Just because Stephen Hawking – a famously disabled spastic – created black holes while sitting in his wheelchair, it doesn't mean you will be able to." These were the opening lines in Campus, the improvised sitcom pilot by Green Wing creator Victoria Pile that began Channel 4's new Comedy Showcase season earlier this month. They were delivered to a disabled student by the vice chancellor of Campus's fictional (it would have to be) Kirke University, and were supposed to establish the character as a thoroughly un-PC mix of David Brent and Malcolm Tucker from The Thick of It. They were also presumably intended to shock the audience. But did they?
I watched Campus at a preview screening for Comedy Showcase, a show-reel of snippets from the six comedies in the season, and I was only shocked at the unoriginality of the gag. These days every new comic monster has to test his mettle with the disabled, it seems, a rite of sitcom passage established when David Brent and co-worker Gareth carried Brenda, the wheelchair user in The Office, to a stairwell during a fire-drill, and left her there. To be wrong-headed, insensitive, prejudiced or downright rude to disabled characters has almost become a default mode for a certain type of post-Alan Partridge sitcom character – from David Brent to Larry David. Indeed just last week, there was a very funny Curb Your Enthusiasm episode in which Larry discovered the advantages of dating the disabled.
But more of that later, because sitting in the same audience watching Campus, as well as his company's own Comedy Showcase entry, The Amazing Dermot (which features a running gag about a deaf nurse), was Ash Atalla – not only a wheelchair user himself after a bout of childhood polio, but also the man who famously produced The Office. "It's interesting when you watch certain comedies back to back you can see certain themes," he says when we catch up later. "It does feel like there's probably quite a lot of that around at the moment, doesn't it?"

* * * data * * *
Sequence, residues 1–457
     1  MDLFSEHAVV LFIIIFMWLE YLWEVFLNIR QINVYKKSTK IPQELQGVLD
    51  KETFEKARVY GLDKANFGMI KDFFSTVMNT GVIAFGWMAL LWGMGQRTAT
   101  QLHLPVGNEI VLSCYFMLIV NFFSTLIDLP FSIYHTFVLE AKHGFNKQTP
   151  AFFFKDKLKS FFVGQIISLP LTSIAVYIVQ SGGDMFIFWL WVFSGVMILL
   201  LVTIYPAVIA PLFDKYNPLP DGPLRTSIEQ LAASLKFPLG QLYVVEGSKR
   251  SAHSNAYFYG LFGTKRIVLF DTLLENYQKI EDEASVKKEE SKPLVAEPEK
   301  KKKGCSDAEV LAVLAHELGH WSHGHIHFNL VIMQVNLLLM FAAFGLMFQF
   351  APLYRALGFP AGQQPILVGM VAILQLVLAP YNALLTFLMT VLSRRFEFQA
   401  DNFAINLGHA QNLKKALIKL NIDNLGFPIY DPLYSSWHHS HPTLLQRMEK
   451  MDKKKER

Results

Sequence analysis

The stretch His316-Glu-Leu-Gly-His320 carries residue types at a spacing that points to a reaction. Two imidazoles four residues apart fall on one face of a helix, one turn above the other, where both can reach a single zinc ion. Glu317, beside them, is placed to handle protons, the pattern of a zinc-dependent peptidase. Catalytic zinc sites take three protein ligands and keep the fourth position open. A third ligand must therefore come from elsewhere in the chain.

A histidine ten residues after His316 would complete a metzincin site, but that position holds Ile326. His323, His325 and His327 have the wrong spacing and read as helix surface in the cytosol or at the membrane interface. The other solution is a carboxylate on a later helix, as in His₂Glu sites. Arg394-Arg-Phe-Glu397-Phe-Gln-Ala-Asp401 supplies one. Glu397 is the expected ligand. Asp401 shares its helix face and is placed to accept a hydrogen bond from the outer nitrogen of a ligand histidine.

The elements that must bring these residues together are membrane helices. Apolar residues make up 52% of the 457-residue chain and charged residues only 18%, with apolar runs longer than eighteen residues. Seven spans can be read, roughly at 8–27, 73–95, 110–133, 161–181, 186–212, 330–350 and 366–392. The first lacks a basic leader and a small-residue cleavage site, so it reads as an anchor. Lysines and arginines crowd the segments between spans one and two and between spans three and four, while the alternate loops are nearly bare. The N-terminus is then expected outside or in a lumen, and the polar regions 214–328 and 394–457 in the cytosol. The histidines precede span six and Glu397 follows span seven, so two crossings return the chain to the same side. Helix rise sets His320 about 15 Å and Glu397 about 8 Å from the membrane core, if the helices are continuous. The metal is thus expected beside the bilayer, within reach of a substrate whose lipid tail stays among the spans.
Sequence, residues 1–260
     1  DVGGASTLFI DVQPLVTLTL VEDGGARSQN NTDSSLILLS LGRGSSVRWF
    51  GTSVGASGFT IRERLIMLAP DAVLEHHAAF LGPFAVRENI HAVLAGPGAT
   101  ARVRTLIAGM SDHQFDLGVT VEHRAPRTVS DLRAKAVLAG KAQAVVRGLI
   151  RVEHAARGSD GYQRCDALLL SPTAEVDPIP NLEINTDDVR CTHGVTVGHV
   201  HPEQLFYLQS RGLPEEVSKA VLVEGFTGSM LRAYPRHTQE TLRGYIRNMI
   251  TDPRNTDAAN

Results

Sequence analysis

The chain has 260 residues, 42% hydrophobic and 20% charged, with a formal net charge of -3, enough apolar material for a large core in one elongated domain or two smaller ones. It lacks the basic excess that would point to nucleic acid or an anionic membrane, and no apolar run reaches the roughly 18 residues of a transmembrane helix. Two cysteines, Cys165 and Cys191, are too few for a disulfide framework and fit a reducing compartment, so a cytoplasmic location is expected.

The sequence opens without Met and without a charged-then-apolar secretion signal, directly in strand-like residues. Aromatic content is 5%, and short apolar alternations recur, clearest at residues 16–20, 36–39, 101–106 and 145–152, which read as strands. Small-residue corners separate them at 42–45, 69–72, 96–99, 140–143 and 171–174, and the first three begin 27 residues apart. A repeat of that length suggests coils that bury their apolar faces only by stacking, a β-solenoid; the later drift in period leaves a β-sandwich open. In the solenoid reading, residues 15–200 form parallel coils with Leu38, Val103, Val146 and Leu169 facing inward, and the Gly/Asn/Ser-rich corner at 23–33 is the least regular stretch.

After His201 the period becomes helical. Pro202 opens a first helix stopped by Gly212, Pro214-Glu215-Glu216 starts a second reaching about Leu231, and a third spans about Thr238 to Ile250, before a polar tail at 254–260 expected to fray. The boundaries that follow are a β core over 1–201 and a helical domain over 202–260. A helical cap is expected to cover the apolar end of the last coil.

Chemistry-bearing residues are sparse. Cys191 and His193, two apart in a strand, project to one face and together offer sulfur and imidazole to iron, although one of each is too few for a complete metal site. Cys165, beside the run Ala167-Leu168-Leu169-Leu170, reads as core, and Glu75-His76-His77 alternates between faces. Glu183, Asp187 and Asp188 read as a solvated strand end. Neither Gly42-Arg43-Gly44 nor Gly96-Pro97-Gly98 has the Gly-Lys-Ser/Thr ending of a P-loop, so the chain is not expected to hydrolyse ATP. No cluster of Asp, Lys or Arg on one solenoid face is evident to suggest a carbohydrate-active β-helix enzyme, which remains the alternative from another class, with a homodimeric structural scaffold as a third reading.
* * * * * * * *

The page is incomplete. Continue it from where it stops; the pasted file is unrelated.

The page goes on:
Log on to YouTube and type in "David Brent's thoughts on the disabled" if you want to understand what Atalla is referring to by "that". "At least the little handicapped fella is able-minded," opines Brent. "Unless he's not. It's difficult to tell with wheelchair ones, so just give generously to all of them." Also on YouTube is Ricky Gervais's 2004 Comedy Awards acceptance speech, in which Gervais remarked, pointing out Atalla in the audience, "Stephen Hawking... probably had his little nose put out of joint (which, to be honest, is the least of his problems) because he's usually the best one in the room." That Stephen Hawking gag again.
The comedy lies in saying the unsayable. But how unsaid is it anymore? "I think you have to look at the timing of all this... The Office was probably six or seven years ago," says Atalla. "In the intervening years it's just become sort of... " Lazy? Repetitive? Less funny each time? "Well, disability is one of those areas that are a stock way to get laughs. But of late, there does seem to have been a spate of... it does seem more and more prevalent."
The comedy here is the modish comedy of embarrassment, and disability provides plenty of scope for characters to tie themselves into well-meaning knots, as well as to leak their subconscious prejudices and ignorance. "People would often get themselves tied up in knots with me," says Atalla. "It was always a strange mix of people not wishing to cause offence to the extent of not saying anything, not even mentioning the wheelchair... they could hardly bring themselves to say the word. And then there are people who are extremely blatant and sometimes rude. Although Brent was ultimately rude, he probably fell into the former category".
Now, however, a blackly funny new Channel 4 drama, Cast Offs, looks at disability not from the point of view of able-bodied sensitivities, but from the point of view of the disabled. Cast Offs is a satire of the Survivor-type reality TV shows, in which six disabled people are marooned on a remote island. Dubbed by one of the characters as "Spastic Island", the show features April (played by Victoria Wright), a research scientist with cherubism (the genetic disorder which causes the lower half of the face to swell out of proportion); Carrie (Kiruna Stamell), an unemployed Australian with Dwarfism; Dan (Peter Mitchell), a 26-year-old paraplegic; Gabby (Sophie Woolley), a deaf mother-to-be; Tom (Tim Gebbels), a blind actor, and Will, a Thalidomide-affected political activist. The latter is played by Mat Fraser, who starred in a similarly groundbreaking TV drama in 2004, Lizzie Mickery's excellent Every Time You Look at Me, in which a "Flid" (Fraser) falls in love with a woman with dwarfism.